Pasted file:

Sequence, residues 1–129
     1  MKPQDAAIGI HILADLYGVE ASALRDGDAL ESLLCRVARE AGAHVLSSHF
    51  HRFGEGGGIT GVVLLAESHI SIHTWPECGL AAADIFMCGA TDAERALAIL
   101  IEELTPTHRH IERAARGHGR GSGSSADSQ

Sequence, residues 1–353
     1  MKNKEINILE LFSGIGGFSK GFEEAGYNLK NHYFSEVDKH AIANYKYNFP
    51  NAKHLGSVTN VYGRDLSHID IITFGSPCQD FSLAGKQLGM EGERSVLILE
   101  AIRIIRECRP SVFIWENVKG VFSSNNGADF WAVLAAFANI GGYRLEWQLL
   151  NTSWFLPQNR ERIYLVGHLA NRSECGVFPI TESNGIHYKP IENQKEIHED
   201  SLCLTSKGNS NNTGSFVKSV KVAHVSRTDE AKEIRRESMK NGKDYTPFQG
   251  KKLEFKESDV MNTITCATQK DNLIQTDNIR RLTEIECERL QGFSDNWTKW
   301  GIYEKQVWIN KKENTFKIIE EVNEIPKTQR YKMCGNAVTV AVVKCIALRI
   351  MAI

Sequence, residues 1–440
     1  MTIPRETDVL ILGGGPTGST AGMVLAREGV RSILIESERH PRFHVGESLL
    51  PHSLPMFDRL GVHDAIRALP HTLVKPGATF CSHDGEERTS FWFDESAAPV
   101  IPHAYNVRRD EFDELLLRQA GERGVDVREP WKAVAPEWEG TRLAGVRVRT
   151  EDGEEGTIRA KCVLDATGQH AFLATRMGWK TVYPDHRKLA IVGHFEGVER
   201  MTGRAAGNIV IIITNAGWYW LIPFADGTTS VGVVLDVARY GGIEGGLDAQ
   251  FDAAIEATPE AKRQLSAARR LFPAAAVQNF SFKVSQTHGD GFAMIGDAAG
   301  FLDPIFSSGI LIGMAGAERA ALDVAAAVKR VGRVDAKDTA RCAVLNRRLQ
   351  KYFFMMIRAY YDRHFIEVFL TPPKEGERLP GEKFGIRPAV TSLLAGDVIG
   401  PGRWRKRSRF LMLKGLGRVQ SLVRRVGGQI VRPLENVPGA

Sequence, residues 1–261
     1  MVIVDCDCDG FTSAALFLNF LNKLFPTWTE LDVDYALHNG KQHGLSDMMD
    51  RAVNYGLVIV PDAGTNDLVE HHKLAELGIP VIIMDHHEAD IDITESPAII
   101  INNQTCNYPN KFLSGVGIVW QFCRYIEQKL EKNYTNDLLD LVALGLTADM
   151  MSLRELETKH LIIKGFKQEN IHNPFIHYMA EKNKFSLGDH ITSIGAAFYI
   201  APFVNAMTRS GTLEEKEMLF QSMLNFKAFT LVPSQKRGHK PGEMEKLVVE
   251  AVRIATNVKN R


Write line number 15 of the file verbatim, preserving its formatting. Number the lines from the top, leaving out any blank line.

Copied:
     1  MTIPRETDVL ILGGGPTGST AGMVLAREGV RSILIESERH PRFHVGESLL